Apolitical student unions ‘the only option’ in Hong Kong

Students welcome formation of new CUHK union but say its political involvement will be limited

September 8, 2022
A woman holding an umbrella walks in front of water barrier soutside the West Kowloon
Source: Getty

An “apolitical” students’ union forming at one of Hong Kong’s leading universities could become a model for groups at other nearby institutions where learners are still without representation.

Nearly a year since the Chinese University of Hong Kong’s students’ union disbanded, following growing tensions with administrators over students’ involvement in politics, CUHK has signalled that the union can re-form – under certain conditions.

The new union, which is expected to start functioning this coming spring, will need to steer clear of politics, according to reports.

Relationships between students’ unions and administrators in Hong Kong universities have been on a rocky footing since 2019, when student-led protests erupted across the island in response to the National Security Law, which was widely seen as a clampdown on political dissidents. This April, Hong Kong Polytechnic University cut ties with its students’ union, becoming the fifth institution to push its students’ body off campus since the law came into force, according to local media.

If it goes ahead as planned, the re-establishment of CUHK’s students’ union could point the way forward for student leaders at other Hong Kong institutions.

Owen Au, a recent CUHK graduate who served as students’ union president in 2018, said that student leaders on the island have “no choice but” to take an apolitical approach.

“It is actually a question of ‘to be or not to be’: either function in a depoliticised form and work in low profile, or being disbanded,” he said.

“It is believed that even if student leaders nowadays choose to touch some politically sensitive issues, no change can be made except risking their personal safety and the existence of [the] students’ union.”

Anson Law, a CUHK student who is involved in re-establishing its students’ union, said that the existence of students’ unions, even ones “limited to campus policy issues”, was still preferable to the alternative. He believed that students have some leeway to voice their views on sensitive topics – provided they do not irk administrators.

“Rather than not being able to [speak] out on particular issues, I think students have to express their views in a mild way,” he said.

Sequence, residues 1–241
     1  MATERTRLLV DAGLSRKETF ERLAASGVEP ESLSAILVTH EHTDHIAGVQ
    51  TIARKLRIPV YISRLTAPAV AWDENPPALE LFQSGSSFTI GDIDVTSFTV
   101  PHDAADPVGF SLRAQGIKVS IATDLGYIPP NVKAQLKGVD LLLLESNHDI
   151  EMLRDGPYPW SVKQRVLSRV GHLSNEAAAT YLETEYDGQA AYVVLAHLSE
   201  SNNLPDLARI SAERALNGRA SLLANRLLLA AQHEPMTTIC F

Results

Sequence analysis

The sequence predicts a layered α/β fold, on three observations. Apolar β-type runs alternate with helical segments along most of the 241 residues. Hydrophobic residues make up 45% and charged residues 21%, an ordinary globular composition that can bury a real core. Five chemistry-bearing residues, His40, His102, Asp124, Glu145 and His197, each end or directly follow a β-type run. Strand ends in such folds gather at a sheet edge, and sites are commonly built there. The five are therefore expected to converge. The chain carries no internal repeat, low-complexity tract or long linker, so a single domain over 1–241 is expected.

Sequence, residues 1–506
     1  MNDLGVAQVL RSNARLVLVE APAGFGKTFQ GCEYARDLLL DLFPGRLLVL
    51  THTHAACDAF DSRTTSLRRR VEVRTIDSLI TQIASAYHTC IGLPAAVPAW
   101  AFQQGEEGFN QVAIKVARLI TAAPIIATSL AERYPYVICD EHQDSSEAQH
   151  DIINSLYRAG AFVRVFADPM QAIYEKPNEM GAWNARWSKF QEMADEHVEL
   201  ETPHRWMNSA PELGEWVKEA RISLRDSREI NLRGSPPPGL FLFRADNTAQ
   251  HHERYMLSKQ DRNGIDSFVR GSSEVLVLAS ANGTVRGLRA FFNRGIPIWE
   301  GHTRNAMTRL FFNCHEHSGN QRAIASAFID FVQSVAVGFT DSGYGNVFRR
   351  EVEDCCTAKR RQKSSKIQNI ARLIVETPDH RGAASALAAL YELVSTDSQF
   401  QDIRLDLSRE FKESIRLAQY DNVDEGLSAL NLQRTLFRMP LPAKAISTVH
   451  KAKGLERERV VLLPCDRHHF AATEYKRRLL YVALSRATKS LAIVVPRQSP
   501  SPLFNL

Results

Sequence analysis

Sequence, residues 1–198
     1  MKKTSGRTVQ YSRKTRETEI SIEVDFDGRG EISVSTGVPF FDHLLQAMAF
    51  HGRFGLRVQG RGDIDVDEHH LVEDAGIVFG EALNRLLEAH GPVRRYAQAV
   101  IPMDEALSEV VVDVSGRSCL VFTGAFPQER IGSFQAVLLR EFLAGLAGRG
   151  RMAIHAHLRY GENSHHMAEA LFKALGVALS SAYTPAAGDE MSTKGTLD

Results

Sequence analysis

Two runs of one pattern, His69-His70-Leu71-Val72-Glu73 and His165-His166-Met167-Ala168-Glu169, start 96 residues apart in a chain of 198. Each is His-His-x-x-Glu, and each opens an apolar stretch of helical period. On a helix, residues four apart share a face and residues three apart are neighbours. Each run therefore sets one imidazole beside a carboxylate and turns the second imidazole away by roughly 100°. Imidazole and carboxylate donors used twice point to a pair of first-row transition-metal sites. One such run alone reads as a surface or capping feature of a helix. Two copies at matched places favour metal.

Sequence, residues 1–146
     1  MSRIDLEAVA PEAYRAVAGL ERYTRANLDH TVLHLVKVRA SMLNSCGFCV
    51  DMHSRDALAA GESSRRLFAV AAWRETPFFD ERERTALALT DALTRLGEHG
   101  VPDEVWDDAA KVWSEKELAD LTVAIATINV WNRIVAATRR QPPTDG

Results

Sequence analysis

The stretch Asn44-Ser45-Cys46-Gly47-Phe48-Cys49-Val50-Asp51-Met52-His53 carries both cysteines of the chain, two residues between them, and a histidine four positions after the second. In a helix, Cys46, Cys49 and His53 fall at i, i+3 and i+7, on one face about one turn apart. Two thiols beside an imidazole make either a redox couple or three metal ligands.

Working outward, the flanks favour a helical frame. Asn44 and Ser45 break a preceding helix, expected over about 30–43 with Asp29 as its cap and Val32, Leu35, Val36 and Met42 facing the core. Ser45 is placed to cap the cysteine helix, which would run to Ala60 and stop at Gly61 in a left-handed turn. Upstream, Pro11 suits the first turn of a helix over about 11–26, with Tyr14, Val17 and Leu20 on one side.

He told Times Higher Education that, for CUHK’s students’ union to re-form, it must be a separate legal entity, be bilingual and open to full-time postgraduate students.

While he felt that widening participation in the union “may allow more voices being considered”, non-local students and postgraduates may not be “familiar or interested” in CUHK issues.

William Lo, a professor at the Education University of Hong Kong, was positive about the formation of a new union, saying, “we need student participation in university governance”.

He suggested that broadening participation to non-locals and postgraduate students might be beneficial, given the university’s highly international student body and because its postgraduate education had “expanded significantly” in the last couple of decades.

“I don’t think the voice of specific groups should dominate the student representation,” he said.

Others were less enthused. A CUHK student involved in past student representation, who wished to remain anonymous, was sceptical that in the “current apathetic atmosphere” many students were “well informed and involved” in creating a new union. She also worried that the reinstatement of a students’ union would “deter students from forming concern groups or initiating political action upon huge events like they used to”.

Still, she said, this may be inevitable. “Ultimately, the influence of the CUHK students’ union has been declining in recent years. It’s deemed to be a symbolic group rather than having actual organising power.”


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